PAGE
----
No – “the ravens of the sky” have not been transmogrified into the Duke of Edinburgh. The story of the birds will be continued next week. 

(In journalism, we fear the fact that our comments on an issue might become “stale” if we don’t have our say when everyone else is talking about it!) 

The late Prince Philip was visitor to Ghana three times – he came here by himself (from 23rd to 28th November 1959); then he came again – with his wife, Queen Elizabeth The Second, twice – in 1961 and 1999.

The first visit of the Duke demonstrated his pluck as a man. The Queen had been invited to visit Ghana in 1959, at a time when our Prime Minister, Dr Kwame Nkrumah, had made it clear that he wanted to turn Ghana into a Republic and become head of state himself. (Ghana had achieved independence on March 1957 with the Queen as its head of state – a position exercised on her behalf by a British Governor-General. The first Governor-General was Sir Charles Noble Arden Clarke and the second was the Earl of Listowel).

The ruling circles of the UK, which was then under a Conservative Government, were not happy that the Queen would be visiting a country that was about to change its constitution from the monarchical type into a Republican one. They imagined that if the Queen visited Ghana just before the change, it would men that she had given her blessing top the change. Fortunately for both countries, the matter was taken out of their hands by biology: the Queen became pregnant! 

But such was the affection in which the UK royal family was held in Ghana (the Queen had been represented at our independence by a lovely lady called the Duchess of Kent) that in order not to disappoint Ghanaians, Prince Philip was deputed to come to Ghana in place of the Queen. 

The visit went very well indeed. But politics did rear its head during the visit – in one instant. At Kumase, Prince Philip was visiting a hospital when he was informed that the son of a prominent Opposition man, Mr Joe Appiah (who had been placed in preventive detention by the Nkrumah Government) was occupying a bed in the hospital. The Prince spontaneously went over and talked to the boy, who complained that his father had been detained without trial. The Duke comforted him and the incident was widely reported by the British press (they always sent a contingent of news-hounds to accompany the UK royals on foreign visits.

Two years later, the Queen came herself – accompanied by the
Duke. This visit also attracted political controversy. 
In 1961, Ghana was troubled by violent opposition activity. Bombs were thrown into several public places, injuring some people and British politicians expressed the fear that the Queen might become the victim of a bomb blast if she appeared in public with President Kwame Nkrumah. Among personages who expressed anxiety about the safety of the royal party on the visit was Britain’s wartime Prime Minister, the venerated Sir Winston Churchill.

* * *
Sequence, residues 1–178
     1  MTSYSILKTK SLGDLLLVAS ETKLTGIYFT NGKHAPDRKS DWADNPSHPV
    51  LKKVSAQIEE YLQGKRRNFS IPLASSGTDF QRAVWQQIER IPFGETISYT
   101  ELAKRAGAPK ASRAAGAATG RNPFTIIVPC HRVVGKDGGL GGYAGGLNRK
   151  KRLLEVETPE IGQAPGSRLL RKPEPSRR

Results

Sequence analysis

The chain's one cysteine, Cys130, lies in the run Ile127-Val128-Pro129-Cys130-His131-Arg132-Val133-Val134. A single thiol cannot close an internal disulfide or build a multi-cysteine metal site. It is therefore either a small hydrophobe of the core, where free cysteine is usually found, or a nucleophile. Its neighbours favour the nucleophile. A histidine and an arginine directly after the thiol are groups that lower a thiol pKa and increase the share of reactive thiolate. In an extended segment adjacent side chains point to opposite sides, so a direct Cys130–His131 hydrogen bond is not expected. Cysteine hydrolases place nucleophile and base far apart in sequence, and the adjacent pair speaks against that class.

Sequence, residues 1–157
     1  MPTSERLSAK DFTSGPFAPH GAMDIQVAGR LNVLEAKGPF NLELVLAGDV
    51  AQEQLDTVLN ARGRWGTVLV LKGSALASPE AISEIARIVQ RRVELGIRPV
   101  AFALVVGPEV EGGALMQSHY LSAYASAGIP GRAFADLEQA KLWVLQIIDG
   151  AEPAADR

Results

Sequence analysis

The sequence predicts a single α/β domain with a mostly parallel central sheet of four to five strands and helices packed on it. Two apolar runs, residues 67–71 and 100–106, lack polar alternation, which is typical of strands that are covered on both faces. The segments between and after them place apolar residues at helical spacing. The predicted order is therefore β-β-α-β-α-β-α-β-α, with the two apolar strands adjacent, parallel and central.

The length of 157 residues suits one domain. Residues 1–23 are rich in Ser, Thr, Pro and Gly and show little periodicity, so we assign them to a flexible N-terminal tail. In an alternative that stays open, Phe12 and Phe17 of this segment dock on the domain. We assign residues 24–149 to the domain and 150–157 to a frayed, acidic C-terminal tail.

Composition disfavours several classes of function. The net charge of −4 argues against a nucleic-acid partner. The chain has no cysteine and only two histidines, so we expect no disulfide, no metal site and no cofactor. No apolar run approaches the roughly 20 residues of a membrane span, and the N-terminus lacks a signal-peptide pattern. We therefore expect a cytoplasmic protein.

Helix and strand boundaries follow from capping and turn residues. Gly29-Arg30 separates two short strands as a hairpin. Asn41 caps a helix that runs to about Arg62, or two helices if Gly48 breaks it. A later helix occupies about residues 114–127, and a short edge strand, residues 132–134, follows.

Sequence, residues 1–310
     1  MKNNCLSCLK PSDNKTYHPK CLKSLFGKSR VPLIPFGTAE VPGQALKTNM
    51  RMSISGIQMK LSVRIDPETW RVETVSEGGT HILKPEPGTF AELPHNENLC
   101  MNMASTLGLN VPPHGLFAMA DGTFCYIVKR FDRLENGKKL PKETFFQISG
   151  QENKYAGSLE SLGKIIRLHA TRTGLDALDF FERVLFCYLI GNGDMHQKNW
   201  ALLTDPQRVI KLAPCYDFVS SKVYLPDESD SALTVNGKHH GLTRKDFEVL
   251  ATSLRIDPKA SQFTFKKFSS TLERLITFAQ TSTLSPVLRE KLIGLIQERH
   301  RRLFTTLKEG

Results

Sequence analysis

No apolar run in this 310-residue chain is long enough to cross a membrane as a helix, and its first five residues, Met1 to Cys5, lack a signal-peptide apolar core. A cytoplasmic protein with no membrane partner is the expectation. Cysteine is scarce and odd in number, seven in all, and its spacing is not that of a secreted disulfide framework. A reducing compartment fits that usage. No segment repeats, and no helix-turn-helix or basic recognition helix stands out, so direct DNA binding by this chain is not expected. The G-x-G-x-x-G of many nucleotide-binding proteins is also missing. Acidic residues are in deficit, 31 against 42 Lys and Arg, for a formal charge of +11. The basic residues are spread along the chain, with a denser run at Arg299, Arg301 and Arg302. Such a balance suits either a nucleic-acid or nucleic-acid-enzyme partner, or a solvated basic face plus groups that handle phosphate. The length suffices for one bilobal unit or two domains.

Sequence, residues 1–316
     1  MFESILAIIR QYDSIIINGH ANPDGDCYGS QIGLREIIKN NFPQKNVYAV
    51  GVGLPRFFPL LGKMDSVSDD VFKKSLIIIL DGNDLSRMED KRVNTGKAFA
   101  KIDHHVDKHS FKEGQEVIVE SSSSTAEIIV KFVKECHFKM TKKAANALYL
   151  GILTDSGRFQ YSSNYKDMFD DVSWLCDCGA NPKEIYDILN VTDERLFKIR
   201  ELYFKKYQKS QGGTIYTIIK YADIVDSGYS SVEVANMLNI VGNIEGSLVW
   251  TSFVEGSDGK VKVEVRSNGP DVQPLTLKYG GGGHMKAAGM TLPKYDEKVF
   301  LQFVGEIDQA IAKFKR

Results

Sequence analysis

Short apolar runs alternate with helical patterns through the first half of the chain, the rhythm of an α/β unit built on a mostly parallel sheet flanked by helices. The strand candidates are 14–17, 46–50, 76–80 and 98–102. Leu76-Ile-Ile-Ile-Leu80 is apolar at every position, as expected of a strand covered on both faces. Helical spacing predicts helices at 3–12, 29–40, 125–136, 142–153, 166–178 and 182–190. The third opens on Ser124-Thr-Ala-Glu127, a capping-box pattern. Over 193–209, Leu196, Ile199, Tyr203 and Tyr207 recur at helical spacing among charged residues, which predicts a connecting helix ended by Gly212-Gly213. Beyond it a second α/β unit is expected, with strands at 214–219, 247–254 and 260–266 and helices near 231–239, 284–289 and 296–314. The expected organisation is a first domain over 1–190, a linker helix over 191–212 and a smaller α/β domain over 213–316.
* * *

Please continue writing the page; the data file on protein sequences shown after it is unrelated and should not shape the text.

However, the Prime Minister of the time, Mr Harold Macmillan, had himself paid a visit to Ghana the previous year: on a tour of Africa which also took him to South Africa, where he made the speech that gave him an indelible place in history – his “wind of change blowing across Africa” warning top the racist government in South Africa. So Macmillan sent his Defence Minister, Mr Duncan Sandys on an RAF plane to come and “case the joint” in Ghana to find out whether the Queen would be safe or not. 

Mr Sandys returned to London to give the visit the thumbs-up. And the Queen and the Duke came. It was a most joyous visit. At a crowded military parade held at Black Star Square in Accra, the Ghanaian comedian, Ajax Bukana, stole the show by dressing up as
a tramp, with padded clothing, and discarding elements of his outfit onto the tarmac, as he marched and saluted the royal party. The Queen endeared herself to Ghanaians by joining in the laughter that greeted Ajax’s antics. 

During the Duke’s visit to Ghana in 1959, I noticed that the press party accompanying him included the star foreign correspondent of the London Daily Express, a man called Rene McColl. In those days, foreign correspondents were given a lot of space by heir newspapers, and they were also given very big headline. I had read pieces by Rene McColl from Egypt (during the Suez war of 1956, following the invasion of Egypt by Britain and France, in collusion with Israel.)

I had also followed Mr McColl’s dispatches from the Hungarian border, during the invasion of Hungary in 1956. From Ghana, he reported that the people were overjoyed to see what they called “De 
Dook Edinboro” and were sad that “De Queen Mama” had not been able to come.

I was sceptical about any Ghanaians calling the Duke De Dook Edinboro” and the Queen “De Queen Mama.” It sounded a wee bit like the type of language found in novels by colonial writers.

So I sought Mr McColl out in his hotel one day and complemented him for stepping out of the royal press party and listening to what Ghanaians said. I watched his face as I said this.

He twitched slightly but didn’t give much away. But I thought I saw him trying to suppress a slight smile of guilt. 

I went away convinced that Rene McColl had made up those “pidgin English” quotes!

I was appalled, for the books I had been reading about journalism, written by British authors, made it quite clear that it was totally unacceptable to pretend that one was reporting facts when, in fact, one was indulging in a bit of fiction-writing.

From then on, my attitude to foreign correspondents changed, and became a bit more sceptical whilst reading their flowery reports from far-away places !.


Show More
Back to top button